Internet economy to become 12–13% of GDP by 2030: Report

TitledIndia e-Conomy Report, the research states that India is in its ‘Digital Decade’ and its internet economy will grow to 12-13% of its GDP by the end of the decade from the current 4-5%

June 06, 2023 03:42 pm | Updated 08:13 pm IST - New Delhi

A vendor is seen displaying several payment modes — a testament to India’s growing digital economy. Representative image

A vendor is seen displaying several payment modes — a testament to India’s growing digital economy. Representative image | Photo Credit: The Hindu

India’s internet economy — B2C e-commerce firms, online service providers, ed-tech companies, and so on — will hit $1 trillion in value by 2030, up from $175 billion in 2022, a report by Google, Bain & Company and Temasek estimated. “The e-Conomy of a Billion Connected Indians,” released by the three firms on June 6, said that the growth would be driven by more Indians starting to transact online and the growth of digital businesses overall.

The key thrust would come from “Tier 2+ locations,” the report said, emphasising smaller towns and rural areas, where the changes were expected to be most pronounced in their impact on the value of the internet economy, as only 13% of Indians live in metro and tier 1 cities.

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“... the contribution of the internet economy to India’s technology sector is set to expand, from the present 48% to 62% in 2030,” the report said. Simultaneously, the internet economy will go from contributing 4–5% to the Gross Domestic Product to more than double that number, nearly 12–13%.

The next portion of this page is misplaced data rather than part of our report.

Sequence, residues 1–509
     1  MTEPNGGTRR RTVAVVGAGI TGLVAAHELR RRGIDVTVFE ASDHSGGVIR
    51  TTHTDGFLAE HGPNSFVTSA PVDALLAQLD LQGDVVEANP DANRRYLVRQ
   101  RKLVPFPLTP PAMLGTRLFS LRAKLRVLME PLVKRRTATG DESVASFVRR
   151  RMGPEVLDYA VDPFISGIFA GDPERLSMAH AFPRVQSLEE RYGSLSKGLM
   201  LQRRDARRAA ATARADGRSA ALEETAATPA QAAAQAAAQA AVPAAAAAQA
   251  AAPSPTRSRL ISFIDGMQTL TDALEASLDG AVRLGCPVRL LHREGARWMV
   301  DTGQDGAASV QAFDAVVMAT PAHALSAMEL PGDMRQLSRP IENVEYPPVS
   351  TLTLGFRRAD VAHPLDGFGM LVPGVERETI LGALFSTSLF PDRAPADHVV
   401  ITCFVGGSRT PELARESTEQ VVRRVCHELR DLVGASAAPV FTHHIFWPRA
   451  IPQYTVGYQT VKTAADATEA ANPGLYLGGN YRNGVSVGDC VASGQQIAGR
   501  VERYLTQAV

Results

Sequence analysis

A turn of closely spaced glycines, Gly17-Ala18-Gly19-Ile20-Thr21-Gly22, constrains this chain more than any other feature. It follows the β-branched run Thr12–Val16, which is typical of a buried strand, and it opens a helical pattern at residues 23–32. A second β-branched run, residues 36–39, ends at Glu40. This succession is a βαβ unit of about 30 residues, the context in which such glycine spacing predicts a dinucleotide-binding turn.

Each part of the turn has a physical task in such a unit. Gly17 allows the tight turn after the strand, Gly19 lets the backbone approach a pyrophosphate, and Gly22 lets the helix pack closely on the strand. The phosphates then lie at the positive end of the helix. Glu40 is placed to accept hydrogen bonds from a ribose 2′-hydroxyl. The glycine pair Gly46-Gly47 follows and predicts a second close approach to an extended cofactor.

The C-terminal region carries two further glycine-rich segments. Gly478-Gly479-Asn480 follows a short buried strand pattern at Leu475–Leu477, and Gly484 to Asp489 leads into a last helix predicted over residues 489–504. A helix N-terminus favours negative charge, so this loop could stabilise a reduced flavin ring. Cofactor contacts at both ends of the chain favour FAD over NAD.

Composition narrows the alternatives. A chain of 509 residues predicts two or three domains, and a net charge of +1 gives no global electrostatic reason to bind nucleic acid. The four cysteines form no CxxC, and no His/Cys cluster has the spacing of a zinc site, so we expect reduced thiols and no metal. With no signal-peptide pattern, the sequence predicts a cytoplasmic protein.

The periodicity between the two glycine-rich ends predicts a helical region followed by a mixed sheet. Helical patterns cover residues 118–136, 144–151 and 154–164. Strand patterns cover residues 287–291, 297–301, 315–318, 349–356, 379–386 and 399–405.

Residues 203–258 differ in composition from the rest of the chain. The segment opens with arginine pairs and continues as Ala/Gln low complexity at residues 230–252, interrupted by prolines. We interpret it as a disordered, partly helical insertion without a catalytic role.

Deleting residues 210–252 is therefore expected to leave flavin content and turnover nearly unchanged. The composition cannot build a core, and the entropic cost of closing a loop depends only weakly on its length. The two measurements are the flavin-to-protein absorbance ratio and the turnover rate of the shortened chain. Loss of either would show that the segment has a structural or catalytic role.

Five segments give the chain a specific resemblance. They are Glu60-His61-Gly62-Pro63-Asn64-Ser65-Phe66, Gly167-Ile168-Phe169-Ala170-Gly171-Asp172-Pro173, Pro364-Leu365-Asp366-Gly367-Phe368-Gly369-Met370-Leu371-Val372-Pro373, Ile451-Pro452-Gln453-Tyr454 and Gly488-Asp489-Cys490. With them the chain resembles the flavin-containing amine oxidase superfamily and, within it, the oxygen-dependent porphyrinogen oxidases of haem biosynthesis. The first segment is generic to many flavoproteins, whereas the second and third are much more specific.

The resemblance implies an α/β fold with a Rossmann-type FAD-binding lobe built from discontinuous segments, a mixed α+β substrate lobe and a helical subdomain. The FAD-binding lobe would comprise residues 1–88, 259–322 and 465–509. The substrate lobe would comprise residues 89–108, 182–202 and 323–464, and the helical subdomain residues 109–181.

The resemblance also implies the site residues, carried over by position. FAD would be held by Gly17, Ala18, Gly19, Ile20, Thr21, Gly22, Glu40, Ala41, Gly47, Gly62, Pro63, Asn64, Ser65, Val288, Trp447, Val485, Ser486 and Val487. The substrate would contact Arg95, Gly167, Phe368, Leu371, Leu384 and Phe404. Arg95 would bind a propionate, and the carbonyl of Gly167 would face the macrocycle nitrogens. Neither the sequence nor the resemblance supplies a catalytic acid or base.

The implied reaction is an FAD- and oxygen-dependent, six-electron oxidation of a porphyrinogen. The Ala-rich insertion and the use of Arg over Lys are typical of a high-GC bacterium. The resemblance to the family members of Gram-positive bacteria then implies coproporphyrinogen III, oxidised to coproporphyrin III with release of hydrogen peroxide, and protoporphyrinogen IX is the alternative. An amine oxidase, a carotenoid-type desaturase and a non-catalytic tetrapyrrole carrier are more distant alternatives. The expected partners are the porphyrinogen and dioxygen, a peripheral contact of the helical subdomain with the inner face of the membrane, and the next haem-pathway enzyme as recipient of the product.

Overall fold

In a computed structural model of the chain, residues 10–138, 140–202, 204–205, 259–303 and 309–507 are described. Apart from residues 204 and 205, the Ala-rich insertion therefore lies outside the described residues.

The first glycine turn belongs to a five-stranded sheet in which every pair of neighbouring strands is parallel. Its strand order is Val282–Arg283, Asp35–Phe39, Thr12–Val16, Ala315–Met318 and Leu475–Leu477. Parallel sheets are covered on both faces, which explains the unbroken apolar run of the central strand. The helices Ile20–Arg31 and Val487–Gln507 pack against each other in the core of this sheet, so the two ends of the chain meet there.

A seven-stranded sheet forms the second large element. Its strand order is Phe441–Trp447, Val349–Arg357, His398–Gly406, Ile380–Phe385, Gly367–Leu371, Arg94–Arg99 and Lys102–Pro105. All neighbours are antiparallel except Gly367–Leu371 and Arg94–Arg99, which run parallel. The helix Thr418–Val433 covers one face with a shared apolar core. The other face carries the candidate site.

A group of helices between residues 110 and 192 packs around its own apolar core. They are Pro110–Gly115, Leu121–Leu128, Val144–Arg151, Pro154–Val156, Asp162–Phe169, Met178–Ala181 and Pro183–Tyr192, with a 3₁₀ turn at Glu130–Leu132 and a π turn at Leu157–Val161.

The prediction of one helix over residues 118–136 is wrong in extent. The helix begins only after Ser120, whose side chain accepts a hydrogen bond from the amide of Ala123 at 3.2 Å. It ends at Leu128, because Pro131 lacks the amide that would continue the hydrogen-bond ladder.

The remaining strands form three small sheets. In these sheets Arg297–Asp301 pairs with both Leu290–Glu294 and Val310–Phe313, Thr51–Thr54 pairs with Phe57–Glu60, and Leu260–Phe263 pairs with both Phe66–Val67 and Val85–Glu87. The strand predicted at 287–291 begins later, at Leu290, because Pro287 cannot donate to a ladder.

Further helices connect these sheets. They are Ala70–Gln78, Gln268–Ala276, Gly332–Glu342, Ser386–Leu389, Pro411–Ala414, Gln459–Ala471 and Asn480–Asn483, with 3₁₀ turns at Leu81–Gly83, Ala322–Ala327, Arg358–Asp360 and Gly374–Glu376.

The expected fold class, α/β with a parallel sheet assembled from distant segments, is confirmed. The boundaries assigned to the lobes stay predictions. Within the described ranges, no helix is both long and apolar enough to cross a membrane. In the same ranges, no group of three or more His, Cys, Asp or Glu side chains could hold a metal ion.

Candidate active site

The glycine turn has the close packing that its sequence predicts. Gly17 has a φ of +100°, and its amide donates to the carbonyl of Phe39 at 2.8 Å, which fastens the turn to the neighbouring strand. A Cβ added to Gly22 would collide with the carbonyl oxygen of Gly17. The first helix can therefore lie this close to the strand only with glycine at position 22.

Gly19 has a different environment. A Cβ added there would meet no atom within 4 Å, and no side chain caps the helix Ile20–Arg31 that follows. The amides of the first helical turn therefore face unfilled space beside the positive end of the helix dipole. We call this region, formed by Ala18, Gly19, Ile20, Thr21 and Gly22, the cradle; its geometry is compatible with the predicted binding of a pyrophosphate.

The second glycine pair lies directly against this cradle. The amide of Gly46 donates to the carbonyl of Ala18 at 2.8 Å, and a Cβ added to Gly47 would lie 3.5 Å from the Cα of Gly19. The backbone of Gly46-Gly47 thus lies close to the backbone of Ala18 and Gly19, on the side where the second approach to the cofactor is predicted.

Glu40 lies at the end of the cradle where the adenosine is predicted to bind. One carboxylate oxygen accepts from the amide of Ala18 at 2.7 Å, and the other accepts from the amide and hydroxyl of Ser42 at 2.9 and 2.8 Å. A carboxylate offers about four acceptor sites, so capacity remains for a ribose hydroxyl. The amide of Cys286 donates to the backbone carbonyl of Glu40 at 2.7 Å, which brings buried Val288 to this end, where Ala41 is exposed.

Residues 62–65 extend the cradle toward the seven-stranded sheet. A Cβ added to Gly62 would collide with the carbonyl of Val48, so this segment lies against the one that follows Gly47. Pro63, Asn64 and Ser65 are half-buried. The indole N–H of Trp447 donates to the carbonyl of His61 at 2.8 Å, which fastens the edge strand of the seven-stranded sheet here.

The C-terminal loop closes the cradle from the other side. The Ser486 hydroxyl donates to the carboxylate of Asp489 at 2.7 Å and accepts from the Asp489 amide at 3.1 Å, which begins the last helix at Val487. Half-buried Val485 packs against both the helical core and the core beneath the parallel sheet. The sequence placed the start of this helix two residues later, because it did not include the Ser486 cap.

“HealthTech and InsurTech, both currently sized at or less than $2 billion today, will demonstrate the largest expansion, to the tune of 9–15x,” a press release accompanying the report said. “SaaS [Software as a Service] will continue to drive momentum for India’s digital exports, with edtech and e-commerce offerings getting a global footprint.”

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In this period, investors may well turn to established startups, eyeing a return on their investment instead of scattering seed investments for early stage firms. “Given the growing emphasis on profitability, growth and late-stage startups will receive more investor attention than earlier stage ones,” the press release said.

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